If more of us actually knew the signs of learning and attention disorders, I do not think that so many children would go un-diagnosed every single year. It is so sad that we as a community are so uneducated about what those signs are. One in five children struggles with issues related to reading, math, writing, focus, organization and behavioral issues, yet many children with learning and attention issues do not have a diagnosis.
If you are a parent, a friend or family member who thinks that a child might be going through learning and attention disorders, you are not alone in this. There are five learning and attention issues that are most common:
- ADHD: More Than Moving Fast
- Dyslexia: The Best-Known Learning Issue
- Dyscalculia: More Than Math Anxiety
- Dysgraphia: Wrestling With Writing
- Dyspraxia: Trouble With Motor Skills
With the right diagnosis, parents and teachers are better able to understand what their children are going through. This leads to a better understanding of the help that they need in order to be successful. When a child is able to fully understand and overcome whatever struggles they are facing, they will finally feel normal.
The #BeUnderstood campaign was created support of Learning Disabilities (LD) Awareness Month in October, and to raise awareness about kids with learning and attention issues. These issues are a lot more common than most people think, and while learning and attention issues may not be as visible as other health issues, they’re just as real.
The goal of #BeUnderstood is to generate awareness about learning and attention issues and encourage people who are seeing or experiencing signs of learning and attention issues to visit Understood.org, learn about these issues, and take that crucial first step in getting their kids the help they need to thrive in school, at home and in life.
I think that there is a stigma that goes along with a diagnosis too, so people are afraid to say that their child has a disorder of any kind. But I don’t think that is the right way to think about it. Getting a diagnosis means getting help; getting help means success for the child, period. And getting help could mean anything from simply being more educated on the resources and actions that you could take to help a child, to actually seeing a medical professional. Help has many definitions.
I have had lots of personal experience with attention and learning disorders. Both of my kids, my husband, and even my niece have ha
d issues with education and behavior due to learning and attention disorders. My husband suffered from dyslexia as a child and even now as an adult. He is 39 years old, so back when he was in school there really was no help for that – or it was so uncommon everyone simply dismissed it. Kids would get left behind, called lazy, and punished for something that just really wasn’t understood. This happens still today.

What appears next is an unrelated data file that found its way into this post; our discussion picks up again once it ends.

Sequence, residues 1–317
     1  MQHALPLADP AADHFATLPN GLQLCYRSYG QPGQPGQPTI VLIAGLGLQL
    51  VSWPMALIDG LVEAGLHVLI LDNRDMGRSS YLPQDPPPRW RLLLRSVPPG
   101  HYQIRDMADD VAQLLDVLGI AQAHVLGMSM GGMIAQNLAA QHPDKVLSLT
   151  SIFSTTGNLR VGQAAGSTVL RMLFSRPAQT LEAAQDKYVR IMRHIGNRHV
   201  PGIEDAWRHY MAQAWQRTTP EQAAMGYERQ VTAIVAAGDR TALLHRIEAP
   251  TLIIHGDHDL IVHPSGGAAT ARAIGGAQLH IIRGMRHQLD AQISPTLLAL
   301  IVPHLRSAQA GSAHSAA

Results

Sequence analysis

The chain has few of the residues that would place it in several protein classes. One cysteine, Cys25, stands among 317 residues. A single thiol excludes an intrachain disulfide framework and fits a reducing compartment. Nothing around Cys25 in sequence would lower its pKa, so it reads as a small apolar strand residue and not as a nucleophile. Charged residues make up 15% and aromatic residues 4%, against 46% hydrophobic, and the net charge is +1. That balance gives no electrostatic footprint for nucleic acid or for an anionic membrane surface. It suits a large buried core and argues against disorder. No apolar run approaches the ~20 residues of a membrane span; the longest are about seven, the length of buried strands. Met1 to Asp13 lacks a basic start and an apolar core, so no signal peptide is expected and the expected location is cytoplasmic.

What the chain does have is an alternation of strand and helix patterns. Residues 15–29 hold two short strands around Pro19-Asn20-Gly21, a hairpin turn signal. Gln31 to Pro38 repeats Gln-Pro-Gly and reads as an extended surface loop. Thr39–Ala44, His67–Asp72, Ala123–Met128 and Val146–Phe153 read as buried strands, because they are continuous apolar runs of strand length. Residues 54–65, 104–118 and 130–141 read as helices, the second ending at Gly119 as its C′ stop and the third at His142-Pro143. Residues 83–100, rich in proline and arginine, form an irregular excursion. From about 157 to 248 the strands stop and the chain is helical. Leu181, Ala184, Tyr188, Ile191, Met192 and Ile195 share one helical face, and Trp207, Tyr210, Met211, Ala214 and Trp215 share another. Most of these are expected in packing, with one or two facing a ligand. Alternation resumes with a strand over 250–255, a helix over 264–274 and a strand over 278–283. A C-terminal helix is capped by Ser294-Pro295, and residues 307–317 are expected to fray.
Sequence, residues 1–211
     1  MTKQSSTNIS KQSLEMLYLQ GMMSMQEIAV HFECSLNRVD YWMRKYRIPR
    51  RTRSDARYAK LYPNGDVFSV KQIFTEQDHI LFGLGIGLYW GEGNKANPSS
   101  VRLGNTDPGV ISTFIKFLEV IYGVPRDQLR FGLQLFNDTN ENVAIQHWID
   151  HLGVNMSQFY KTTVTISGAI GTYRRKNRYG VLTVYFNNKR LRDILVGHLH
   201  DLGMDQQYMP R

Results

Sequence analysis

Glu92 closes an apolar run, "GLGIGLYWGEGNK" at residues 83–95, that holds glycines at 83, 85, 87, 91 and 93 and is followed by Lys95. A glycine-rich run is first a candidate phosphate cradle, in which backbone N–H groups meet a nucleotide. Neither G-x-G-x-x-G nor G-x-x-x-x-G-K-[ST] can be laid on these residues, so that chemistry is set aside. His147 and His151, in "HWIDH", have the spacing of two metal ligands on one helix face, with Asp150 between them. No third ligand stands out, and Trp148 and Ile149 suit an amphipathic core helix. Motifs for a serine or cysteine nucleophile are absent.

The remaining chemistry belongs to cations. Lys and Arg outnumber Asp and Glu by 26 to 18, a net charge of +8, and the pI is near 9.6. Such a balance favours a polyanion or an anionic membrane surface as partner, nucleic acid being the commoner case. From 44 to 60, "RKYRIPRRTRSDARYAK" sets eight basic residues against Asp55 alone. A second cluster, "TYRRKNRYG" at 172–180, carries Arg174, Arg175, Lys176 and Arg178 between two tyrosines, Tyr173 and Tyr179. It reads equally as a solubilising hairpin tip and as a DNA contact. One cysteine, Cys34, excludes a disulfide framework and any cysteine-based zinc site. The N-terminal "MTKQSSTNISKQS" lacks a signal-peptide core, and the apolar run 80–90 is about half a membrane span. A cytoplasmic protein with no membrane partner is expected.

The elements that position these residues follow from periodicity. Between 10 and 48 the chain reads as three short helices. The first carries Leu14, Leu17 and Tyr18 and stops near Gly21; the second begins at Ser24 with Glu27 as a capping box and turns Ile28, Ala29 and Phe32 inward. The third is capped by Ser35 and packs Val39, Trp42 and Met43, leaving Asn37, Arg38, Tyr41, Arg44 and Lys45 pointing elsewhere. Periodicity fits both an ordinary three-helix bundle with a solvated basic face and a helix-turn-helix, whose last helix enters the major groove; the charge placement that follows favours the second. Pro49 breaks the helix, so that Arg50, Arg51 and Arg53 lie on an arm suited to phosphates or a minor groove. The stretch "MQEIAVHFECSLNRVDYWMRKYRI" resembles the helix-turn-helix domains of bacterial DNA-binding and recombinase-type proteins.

My son is incredibly smart but struggles with attention. For so many years he was the kid that would get in trouble in class for talking, moving in his seat, fidgeting or needing to get up and move around. When really, all of that was simply helping him learn. While most of us can really only focus easily on one thing at a time, kids like my son and my niece who have borderline or full-on ADD or ADHD have a hard time focusing on just one thing. It may seem like they aren’t listening or paying attention, but they probably are, much more than you might think. It is all about being educated and knowledgeable about what we can do to help them succeed, not punish them.
And when they get older, like my son, they tend to put a lot of stress and pressure on themselves. This can lead to anxiety and even depression. This is absolutely not something that any child should have to go through, ever. My daughter struggled for years to catch up after being left behind at home, and although she does well today, she has to work much harder than most kids her age to maintain her GPA.
- Interactive Quizzes: to determine what might be happening with your child
- Through Your Child’s Eyes: A series of interactive simulations and videos that enable parents to experience firsthand how smart people can struggle with a seemingly simple task when they have reading, writing, math, organization or attention issues.
- Tech Finder: Expert-approved apps and games searchable by a child’s grade and issues.
- Just For You: An opt-in system that provides additional levels of personalized content recommendations. (Parents don’t need to sign in to start getting customized recommendations on Understood; all they need to do to hit the ground running is check the boxes about their child’s grade and issues.) Parents who choose to complete a secure, confidential profile will receive recommendations for each child in their profile as well as for topics they’ve expressed interest in, such as siblings, travel and communicating with family and friends.
- Decision Guide: Key questions to help parents think through big topics, such as whether it’s time to request a formal evaluation, let a child start dating or decide which path to pursue after high school.
Encouragement and interaction can go a long way in helping all kids. As busy parents it is sometimes hard to come up with things to keep our kids from getting “brain drain” over the holiday breaks. There are lots of fun ways to encourage kids to keep learning, even while they’re not in class.
Maybe you are a parent of a struggling child, or even a friend or family member who is watching the struggle from afar. Understood has resources for everyone to learn how to help these kiddos face these challenges. The You & Your Family section helps families with practical solutions and advice for social, emotional, and behavioral challenges. Having the gift of extra time with your child over the holidays means the opportunity to help them overcome whatever struggles they are facing.